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The Road Ahead: How to Pack for Adventure Travel 

Whether you’re planning a month-long tour of Europe by bike or considering a thru-hike of the 2,000 miles Appalachian Trail, you’ll assuredly be packing and preparing for a diverse set of terrains and weather conditions. Without a doubt, the hardest part of planning your outdoor adventure is gear management. You can only bring so much stuff with you, and for every item you bring, another item will have to be left behind. The key is trying to determine what actually constitutes a necessity and what simply counts as dead weight. Travel tips that will be extremely useful when packing for adventure travel. In this blog post you will find adventure travel.

In general, most first-time adventurers vastly overestimate the amount of gear they need, which is a far more desirable position to be in than the alternative. You can always shed gear once you’re out in the field, but it’s going to be a lot harder to add a necessary item to your inventory when you’re miles from civilization. Here are just a few tips for packing and dressing for an extended outdoor adventure.

adventure travel

Think Light, Think Smart

Every item you bring along is going to add to your overall physical exertion. Even a pack of gum, over the course of a day’s hike or ride, will play some role in your ability to continue on. This might seem like an overstatement, but ask any hiker who has removed a candy bar from their pack at the tail end of a grueling uphill climb and they will tell you that it feels like a giant rock has been lifted from their shoulders. The point is this: Pack light.

When it comes to clothing, avoid a single heavy item like a down jacket and focus on layers. Choose synthetic shirts, shorts, and trekking pants that will protect you from the elements, are easy to clean, and weigh next to nothing. At the end of the day a well-constructed, versatile rain jacket is going to be your best friend, because it’s breathable enough for a muggy day but can also resist all intensities of wind and precipitation. Save the thicker, heavier wool gear for you extremities, like socks (which can double as mittens) and hats. The act of moving will keep your core warm, but it’s your hands, feet and head that will need the extra protection.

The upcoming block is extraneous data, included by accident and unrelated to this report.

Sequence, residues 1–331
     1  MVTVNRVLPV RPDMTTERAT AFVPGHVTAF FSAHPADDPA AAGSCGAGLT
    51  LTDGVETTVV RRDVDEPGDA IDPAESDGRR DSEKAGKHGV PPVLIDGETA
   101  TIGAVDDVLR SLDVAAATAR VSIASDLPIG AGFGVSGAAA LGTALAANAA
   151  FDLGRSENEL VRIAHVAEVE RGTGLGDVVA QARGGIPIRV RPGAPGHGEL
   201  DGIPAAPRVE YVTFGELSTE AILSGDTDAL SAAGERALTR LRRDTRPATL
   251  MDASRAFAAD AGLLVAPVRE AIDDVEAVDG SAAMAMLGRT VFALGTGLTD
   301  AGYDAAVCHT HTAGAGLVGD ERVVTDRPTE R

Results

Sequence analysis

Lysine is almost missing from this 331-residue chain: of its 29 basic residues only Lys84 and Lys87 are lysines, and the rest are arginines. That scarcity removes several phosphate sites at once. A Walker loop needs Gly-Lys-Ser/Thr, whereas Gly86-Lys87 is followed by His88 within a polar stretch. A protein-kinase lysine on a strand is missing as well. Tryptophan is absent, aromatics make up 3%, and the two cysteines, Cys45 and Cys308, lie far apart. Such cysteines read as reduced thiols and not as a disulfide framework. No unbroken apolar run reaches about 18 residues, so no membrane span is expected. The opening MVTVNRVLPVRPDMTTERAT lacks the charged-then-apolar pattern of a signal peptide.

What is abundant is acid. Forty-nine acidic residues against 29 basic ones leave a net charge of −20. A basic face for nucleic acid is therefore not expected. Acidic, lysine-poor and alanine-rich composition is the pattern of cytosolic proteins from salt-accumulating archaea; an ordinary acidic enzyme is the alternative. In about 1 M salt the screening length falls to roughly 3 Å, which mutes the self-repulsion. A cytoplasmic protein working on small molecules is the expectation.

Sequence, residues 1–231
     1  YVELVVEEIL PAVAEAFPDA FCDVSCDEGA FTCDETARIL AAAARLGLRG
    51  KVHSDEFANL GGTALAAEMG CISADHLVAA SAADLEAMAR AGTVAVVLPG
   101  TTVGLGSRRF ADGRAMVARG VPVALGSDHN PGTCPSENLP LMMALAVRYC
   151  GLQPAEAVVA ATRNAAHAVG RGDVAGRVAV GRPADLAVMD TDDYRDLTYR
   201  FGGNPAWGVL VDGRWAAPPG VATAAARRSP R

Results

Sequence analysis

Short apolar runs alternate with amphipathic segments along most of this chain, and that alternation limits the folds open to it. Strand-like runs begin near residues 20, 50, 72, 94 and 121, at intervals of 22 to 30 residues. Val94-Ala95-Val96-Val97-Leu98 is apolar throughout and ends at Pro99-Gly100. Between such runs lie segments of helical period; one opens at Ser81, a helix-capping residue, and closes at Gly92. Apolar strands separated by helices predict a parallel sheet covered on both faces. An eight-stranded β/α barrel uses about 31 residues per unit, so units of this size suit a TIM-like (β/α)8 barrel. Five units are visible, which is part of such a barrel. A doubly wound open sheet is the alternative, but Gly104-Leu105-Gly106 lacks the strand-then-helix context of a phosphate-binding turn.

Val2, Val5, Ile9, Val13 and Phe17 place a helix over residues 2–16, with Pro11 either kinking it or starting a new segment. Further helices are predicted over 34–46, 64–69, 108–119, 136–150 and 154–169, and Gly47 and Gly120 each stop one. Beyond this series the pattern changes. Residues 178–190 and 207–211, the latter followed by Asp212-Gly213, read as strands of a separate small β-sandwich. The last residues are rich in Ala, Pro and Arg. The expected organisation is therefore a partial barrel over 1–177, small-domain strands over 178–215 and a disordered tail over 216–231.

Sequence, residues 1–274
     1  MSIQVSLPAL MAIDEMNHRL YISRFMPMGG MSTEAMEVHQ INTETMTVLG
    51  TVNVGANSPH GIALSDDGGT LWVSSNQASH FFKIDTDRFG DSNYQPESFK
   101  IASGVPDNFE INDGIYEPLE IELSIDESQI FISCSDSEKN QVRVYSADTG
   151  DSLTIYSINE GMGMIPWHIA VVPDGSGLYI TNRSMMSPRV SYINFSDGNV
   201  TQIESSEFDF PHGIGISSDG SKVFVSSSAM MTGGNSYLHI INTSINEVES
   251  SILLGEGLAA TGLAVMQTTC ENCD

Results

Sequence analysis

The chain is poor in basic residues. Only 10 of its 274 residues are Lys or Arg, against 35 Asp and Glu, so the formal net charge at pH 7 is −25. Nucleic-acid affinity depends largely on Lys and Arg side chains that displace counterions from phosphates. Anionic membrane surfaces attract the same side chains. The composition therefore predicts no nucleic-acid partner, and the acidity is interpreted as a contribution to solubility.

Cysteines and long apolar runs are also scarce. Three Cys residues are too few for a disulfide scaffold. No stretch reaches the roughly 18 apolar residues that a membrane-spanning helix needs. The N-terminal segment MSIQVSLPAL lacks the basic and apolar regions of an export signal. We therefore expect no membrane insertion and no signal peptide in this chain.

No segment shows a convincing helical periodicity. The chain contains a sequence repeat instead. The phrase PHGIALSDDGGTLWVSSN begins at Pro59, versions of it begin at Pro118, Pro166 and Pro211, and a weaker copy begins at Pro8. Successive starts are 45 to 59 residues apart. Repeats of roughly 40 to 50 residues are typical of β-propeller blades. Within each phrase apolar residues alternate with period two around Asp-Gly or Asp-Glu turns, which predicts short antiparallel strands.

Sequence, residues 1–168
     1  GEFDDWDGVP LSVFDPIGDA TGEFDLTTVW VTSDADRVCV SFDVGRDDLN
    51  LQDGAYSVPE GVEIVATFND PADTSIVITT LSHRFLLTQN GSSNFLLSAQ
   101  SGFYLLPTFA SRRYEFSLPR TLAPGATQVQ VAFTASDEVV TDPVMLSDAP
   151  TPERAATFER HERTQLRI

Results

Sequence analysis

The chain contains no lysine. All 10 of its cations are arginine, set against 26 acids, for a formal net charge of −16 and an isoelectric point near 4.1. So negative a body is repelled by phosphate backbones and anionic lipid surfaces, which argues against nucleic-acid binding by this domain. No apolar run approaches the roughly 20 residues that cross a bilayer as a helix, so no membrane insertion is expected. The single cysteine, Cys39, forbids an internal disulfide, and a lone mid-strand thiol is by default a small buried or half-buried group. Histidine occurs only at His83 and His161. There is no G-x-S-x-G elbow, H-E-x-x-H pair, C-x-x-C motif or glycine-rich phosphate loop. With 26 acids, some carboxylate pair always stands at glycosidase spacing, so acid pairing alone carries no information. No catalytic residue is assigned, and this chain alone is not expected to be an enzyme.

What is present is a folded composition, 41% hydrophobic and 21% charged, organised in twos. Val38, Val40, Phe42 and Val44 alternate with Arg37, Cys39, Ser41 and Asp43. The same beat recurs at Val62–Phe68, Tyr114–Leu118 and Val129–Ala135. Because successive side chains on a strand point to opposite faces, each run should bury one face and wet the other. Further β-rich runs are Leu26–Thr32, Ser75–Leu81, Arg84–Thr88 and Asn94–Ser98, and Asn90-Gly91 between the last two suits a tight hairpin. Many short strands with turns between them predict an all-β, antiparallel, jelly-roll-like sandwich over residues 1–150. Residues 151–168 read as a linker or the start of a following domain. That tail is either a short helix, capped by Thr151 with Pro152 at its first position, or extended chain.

Take a Dry Run

Deciding what gear to take on a long trip requires some calculation and experimentation. You won’t know exactly what you need on day 29 of your trail hike until you get there, but you can use a dry run to at least give yourself an idea of what your body can handle and what it needs to survive. In advance of your big trip, take a smaller one that lasts a few days and take careful notes about the experience.

This is a chance to over pack to the extreme. Pay attention to what gear you use and don’t use, as well as the clothes you find most comfortable. Keep track of exactly how much food you eat and note the times it takes to do basic functions like change the tire on your bike or set up a tent. If you experience some pain in your left shoulder, then you know that you need to situate gear in your bag differently. When your real adventure starts, you want to be surprised by the stunning views and memorable encounters, and not by your uncomfortable sleeping bag or broken flashlight. Plan accordingly for an adventure travel.

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